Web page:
The Missouri Mormon War spanned from August to November of 1838 culminating in Governor Lilburn Boggs’ extermination order, demanding that the Mormons leave Missouri or be killed. Forced to flee Missouri in the winter of 1838, the Saints sought refuge in Illinois and Iowa across the Mississippi River. Meanwhile, Joseph Smith and other church leaders had surrendered and languished in jail. The Saints were forced to leave Missouri, having to give up all of their possessions in Missouri once again and find a way to find a new home, led by Brigham Young and the councils Joseph Smith had set up.
They were obliged to leave Missouri but had not yet determined centralized gather spot, ending up scattered across the Missippi River in Iowa and Illinois, although the area around Quincy, Illinois would become a central gathering spot. By April of 1840, Joseph Smith and the other prisoners had escaped into Illinois to join the Saints. What was Commerce, Illinois that had been renamed Nauvoo had been purchased on favorable terms. Going into 1841, the Illinois government had shown sympathy to the Saints’ plight and had allowed them to settle in what would be a period of peace after so much turmoil, giving them the power to organize, create laws, build a university, and establish a militia.
The revelations in this week’s lesson occur during a moment of city-building, peace and hopefulness after a period of some of the most challenging times in the church’s young history.
Section 125 – March 1841
Nauvoo was the designated new headquarters for the church, but the Saints questioned whether the area could accommodate all of those who would be immigrating into this area. Settlements in Iowa across the river were established. This revelation deals with those settlements. Verse two lays out the central theme of this section.
Verily, thus saith the Lord, I say unto you, if those who acall themselves by my name and are essaying to be my saints, if they will do my will and keep my commandments concerning them, let them gather themselves together unto the places which I shall appoint unto them by my servant Joseph, and build up cities unto my name, that they may be prepared for that which is in store for a time to come.D&C 125:2
Gathering into cities has always been the central mission of this church. Joseph Smith wasn’t building simply a church, he was building a society, a gathering place, where both temporal and spiritual concerns dominated his thinking. Building up cities not churches in God’s name. Creating zion, a place for the pure in heart with no poor among them. That has always been central to Christianity, taken central shape in this revelation. Within modern times, have we stopped? Should we think more in terms of cities and not churches? I think so.
Section 126 – July 9, 1841
Amazingly, after the conclusion of the Missouri War, after Joseph Smith’s imprisonment, and after the expulsion of the Saints from Missouri, Brigham Young and others were called yet again to serve a mission, into England, leaving their wives and children to fend for themselves as refugees before they had yet created stability in Nauvoo.
Brigham Young’s wife Mary Ann devoted her life to the church and to Brigham. Church missions and service pulled Brigham from his home half of their first five years married together. Then on September 14, 1839, Brigham bare farewell once again to England with his family forced to find a way in severe poverty shortly after Mary Ann had given birth. During the two years Brigham Young served, his wife and children suffered, destitute, doing all they could to survive, find a plot of land and build shelter. This revelation comes upon Brigham Young return.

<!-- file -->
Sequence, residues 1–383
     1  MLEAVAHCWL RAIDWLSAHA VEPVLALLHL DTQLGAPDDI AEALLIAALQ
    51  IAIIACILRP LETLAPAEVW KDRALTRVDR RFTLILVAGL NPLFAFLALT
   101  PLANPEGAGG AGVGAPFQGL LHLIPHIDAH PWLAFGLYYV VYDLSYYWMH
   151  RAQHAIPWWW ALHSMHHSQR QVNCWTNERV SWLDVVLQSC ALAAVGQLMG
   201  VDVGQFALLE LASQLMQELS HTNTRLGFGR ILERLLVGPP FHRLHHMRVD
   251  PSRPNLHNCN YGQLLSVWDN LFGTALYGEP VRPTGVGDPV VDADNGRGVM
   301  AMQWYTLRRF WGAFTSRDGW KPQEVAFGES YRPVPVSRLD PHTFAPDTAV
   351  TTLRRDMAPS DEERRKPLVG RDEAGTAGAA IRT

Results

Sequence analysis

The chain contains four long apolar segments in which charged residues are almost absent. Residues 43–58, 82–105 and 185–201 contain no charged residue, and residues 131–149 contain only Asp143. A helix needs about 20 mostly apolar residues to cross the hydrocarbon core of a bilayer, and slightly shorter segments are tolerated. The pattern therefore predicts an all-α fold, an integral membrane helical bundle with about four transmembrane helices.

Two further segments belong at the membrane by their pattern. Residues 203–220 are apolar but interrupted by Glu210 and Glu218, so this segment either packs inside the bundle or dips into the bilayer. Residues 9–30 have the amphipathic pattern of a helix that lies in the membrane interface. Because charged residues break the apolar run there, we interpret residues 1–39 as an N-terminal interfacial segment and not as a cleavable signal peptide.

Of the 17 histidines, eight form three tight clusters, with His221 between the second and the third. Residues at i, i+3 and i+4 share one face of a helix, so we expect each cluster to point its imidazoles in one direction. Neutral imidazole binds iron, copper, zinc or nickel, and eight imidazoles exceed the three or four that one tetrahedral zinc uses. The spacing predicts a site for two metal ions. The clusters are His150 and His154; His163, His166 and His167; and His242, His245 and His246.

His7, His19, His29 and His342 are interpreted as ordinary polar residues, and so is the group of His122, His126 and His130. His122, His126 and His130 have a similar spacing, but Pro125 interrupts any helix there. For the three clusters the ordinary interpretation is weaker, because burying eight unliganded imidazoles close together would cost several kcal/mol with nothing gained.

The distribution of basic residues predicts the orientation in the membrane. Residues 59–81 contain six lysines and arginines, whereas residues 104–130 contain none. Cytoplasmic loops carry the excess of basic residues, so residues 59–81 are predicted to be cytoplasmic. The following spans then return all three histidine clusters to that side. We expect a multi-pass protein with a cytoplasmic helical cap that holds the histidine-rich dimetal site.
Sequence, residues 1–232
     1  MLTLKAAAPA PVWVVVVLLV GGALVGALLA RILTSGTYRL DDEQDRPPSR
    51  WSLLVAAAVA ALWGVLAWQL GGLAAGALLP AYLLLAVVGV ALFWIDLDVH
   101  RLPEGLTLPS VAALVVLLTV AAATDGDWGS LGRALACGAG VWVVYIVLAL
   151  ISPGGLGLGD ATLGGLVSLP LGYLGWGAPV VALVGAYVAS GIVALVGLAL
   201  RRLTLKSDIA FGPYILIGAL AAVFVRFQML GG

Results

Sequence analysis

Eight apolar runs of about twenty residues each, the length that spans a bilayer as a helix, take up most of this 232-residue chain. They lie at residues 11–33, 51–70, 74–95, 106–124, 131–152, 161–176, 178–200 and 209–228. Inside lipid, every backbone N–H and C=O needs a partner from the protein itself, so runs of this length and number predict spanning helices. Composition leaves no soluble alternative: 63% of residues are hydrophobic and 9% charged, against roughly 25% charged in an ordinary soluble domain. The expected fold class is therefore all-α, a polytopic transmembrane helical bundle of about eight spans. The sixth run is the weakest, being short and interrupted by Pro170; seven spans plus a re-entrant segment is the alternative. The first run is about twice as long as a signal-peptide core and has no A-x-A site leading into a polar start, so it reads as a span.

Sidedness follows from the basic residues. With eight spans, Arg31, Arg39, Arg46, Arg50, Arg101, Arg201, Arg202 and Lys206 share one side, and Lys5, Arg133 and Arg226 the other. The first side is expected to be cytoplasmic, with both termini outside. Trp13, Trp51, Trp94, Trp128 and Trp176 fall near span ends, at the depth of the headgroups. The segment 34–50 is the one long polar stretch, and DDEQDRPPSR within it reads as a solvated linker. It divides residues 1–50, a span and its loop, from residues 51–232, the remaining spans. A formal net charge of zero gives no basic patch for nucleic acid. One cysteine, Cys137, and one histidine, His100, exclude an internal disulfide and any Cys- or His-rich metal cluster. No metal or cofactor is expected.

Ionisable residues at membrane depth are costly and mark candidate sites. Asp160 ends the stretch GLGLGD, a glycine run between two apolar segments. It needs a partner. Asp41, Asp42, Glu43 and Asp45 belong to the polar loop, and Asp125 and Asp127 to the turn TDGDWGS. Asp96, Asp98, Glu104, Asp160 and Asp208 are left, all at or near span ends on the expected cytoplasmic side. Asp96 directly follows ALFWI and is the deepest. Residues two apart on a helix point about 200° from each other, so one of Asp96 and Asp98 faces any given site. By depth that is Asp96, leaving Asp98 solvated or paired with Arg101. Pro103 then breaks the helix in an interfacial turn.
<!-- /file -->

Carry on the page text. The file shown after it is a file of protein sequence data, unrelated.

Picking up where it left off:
It’s amazing to me that the church required so much from so many. The ambition to grow the church, to gather, to build temples under constant threats from enemies, in the midst of horrifying poverty is amazing. Recognizing that at times immense sacrifice is required at other times, we need to shore up our circumstances. Here, through revelation, Brigham Young is told that his calling right now is to care for his family, I’m sure much to the relief of his wife who deserves all the credit here.
Section 127 – Sept 1, 1842
Joseph Smith’s legal concerns were never really resolved in Missouri. The trials never actually took place. They escaped in transit. Likely a fair trial was impossible and an unjust sentence was likely. They fled but the Missourians continued efforts to bring Joseph Smith back. Additionally, a failed plot on Governor Bogg’s life was attributed to Joseph Smith further exacerbating his legal troubles. As a result, Joseph Smith was forced into perpetual hiding, removing himself from direct access to the Saints in Nauvoo. The first part of this revelation deals with the perpetual suffering and difficulty that has followed Joseph Smith his entire life. Verse two is particularly poignant:
And as for the aperils which I am called to pass through, they seem but a small thing to me, as the benvy and wrath of man have been my common lot all the days of my life; and for what cause it seems mysterious, unless I was cordained from before the foundation of the world for some good end, or bad, as you may choose to call it. Judge ye for yourselves. God dknoweth all these things, whether it be good or bad. But nevertheless, deep water is what I am wont to swim in. It all has become a second nature to me; and I feel, like Paul, to glory in etribulation; for to this day has the God of my fathers delivered me out of them all, and will deliver me from henceforth; for behold, and lo, I shall triumph over all my enemies, for the Lord God hath spoken it.D&C 127:2
Life can sometimes feel like swimming in deep water – a constant struggle, without firm support. Not being a good swimmer myself, this sounds particularly fretful. There’s a contextual issue here. 1830’s and the 1840’s was a particularly fraught time in American history, with a bloody Civil War looming just around the corner. Americans had a firm history of treating populations not found worthy savagely – black Americans, the Native populations and in this case members of the church. We need to learn to keep struggling, “to glory in tribulation”. Hopefully, we can find tribulation within the difficulty of building and creating rather than enduring persecution. Joseph Smith and the early saints did both, often at the same time, as noted in verse 4.